This is normally a request which I not only honor but one that is met with a hearty nod of approval. Again, I really am into it. Some cafes (see: Astro Coffee in Detroit) have even gone as far as to deliberately withhold wifi information from patrons — I’m still into it.

But, at this moment, I find myself in a predicament in which, while not explicitly against the stated rules of the establishment, I must go against my own conventions. A few justifications:

The only book I have on hand is Fear and Loathing in Las Vegas, and I find Hunter S Thompson’s work far too manic to enjoy in this type of setting.

I’m all caught up on Fresh Air interviews and my phone will die soon.

I want to listen to this Khruangbin record.

I need to, every 35 minutes, google if an infected hangnail can kill you (don’t ask).

I think I forgot to unsubscribe from those emails inviting me to for-profit college honor societies and need to do so immediately.

Plus, I’m in the throes of a seemingly-impossible apartment hunt and I fear two hours spent away from, sending 92 messages that say I’m “laid back, creative, but can also probably pay rent on time”, will put me out of contention for a room next month.

And I guess I’m writing this, too.

So here I sit, and, you know what? I feel bad. Do as I say, not as I do.

Notes from Hell

Hell is not fiery.  It is not divided into nine levels of concentric circles. Its inhabitants don’t appear especially sinister.  Hell is not a place for punishment, and it is neither desolate nor sprawling. Its weather, most often, is temperate.  As far as popular culture is concerned, it has gotten a bad rap.

Hell, in reality, lies roughly four miles southwest of Pinckney, Michigan.

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Day Trader: The Reluctant Investor's Foray into Cryptocurrency

I’m generally not a terribly pessimistic person.  With the right amount of coffee I can find the good in most anything (Ranch dressing exempt).  I trend away from blaming my problems on late stage capitalism, and I don’t judge people who smoke cigarettes.  I even made it through 45 minutes of Requiem for a Dream with my roommate last summer, an affable frat-boy with an affinity for mid-career David Foster Wallace, über depressing films, and the rapper A$AP Rocky.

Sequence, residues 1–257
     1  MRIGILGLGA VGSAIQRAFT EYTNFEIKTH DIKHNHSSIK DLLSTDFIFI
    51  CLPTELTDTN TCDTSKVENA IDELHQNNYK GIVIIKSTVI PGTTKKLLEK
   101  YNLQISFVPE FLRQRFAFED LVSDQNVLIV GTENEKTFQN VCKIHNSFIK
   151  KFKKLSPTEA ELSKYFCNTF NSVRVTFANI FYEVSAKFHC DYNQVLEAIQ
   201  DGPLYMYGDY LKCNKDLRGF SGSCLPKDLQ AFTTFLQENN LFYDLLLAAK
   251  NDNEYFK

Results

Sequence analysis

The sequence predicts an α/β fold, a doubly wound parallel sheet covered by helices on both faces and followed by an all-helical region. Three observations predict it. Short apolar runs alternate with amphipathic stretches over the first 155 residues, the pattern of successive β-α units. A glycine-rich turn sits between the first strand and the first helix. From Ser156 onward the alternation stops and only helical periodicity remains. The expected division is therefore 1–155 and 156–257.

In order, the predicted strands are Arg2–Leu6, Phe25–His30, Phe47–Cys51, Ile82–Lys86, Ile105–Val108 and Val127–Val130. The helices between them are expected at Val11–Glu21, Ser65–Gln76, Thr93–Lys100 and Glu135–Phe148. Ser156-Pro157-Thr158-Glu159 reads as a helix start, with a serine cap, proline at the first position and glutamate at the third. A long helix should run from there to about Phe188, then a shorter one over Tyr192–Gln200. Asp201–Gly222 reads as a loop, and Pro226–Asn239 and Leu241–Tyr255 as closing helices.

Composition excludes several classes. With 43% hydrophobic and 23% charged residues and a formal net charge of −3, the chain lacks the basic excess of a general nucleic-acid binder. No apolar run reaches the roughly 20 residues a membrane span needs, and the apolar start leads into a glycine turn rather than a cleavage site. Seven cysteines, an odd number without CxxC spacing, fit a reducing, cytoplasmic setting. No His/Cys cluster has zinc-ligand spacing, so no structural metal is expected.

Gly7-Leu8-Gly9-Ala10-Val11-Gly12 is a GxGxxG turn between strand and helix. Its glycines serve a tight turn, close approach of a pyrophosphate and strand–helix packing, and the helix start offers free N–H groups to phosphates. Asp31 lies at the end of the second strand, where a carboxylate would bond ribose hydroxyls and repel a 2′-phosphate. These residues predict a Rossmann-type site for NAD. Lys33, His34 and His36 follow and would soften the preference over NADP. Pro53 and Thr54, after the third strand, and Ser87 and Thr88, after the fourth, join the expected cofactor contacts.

I have, however, long kept the world of cryptocurrency — Bitcoin and all other forms of internet money, so to speak — at arm’s length.

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Music for the Skateboard

It's uncharacteristically warm in Michigan, which means that I'm skateboarding! Here are a few fine minutes of music which soundtracked 2018's first lap around greater Burns Park.

                                                  Tempelhof push

                                                  Tempelhof push

1.) An excellent moment of French House comes from the 19 year old producer Lewis Ofman in 'Plein de Bisous' at 2:20. He makes some very fun electronic pop tracks that, more often than not, go right where I want them to.  His stuff is on the lighter side of what one finds from Parisian label Ed Banger. From Ofman I'd also recommend 'Flash'

2.) Nicolas Jaar released a surprise album last week (!) under the name 'Against All Logic'.  Among its highlights are a track called 'Now U Got Me Hooked', which I was excited to have recognized from his outstanding 2013 Boiler Room set. Here's a taste (1:54) of the new record.

3.) Moment of zen. Manuel Göttsching, the man behind E2-E4, brings us some addictive ambient offerings in addition to his more experimental, minimal work. The quintessential Berliner has a prolific catalog, but I think 'Oasis', released under the project Ashra, is a good place to start. This track is also my favorite way to finish off a morning cruise (wenn die Sonne scheint).  

What I'm Listening to in February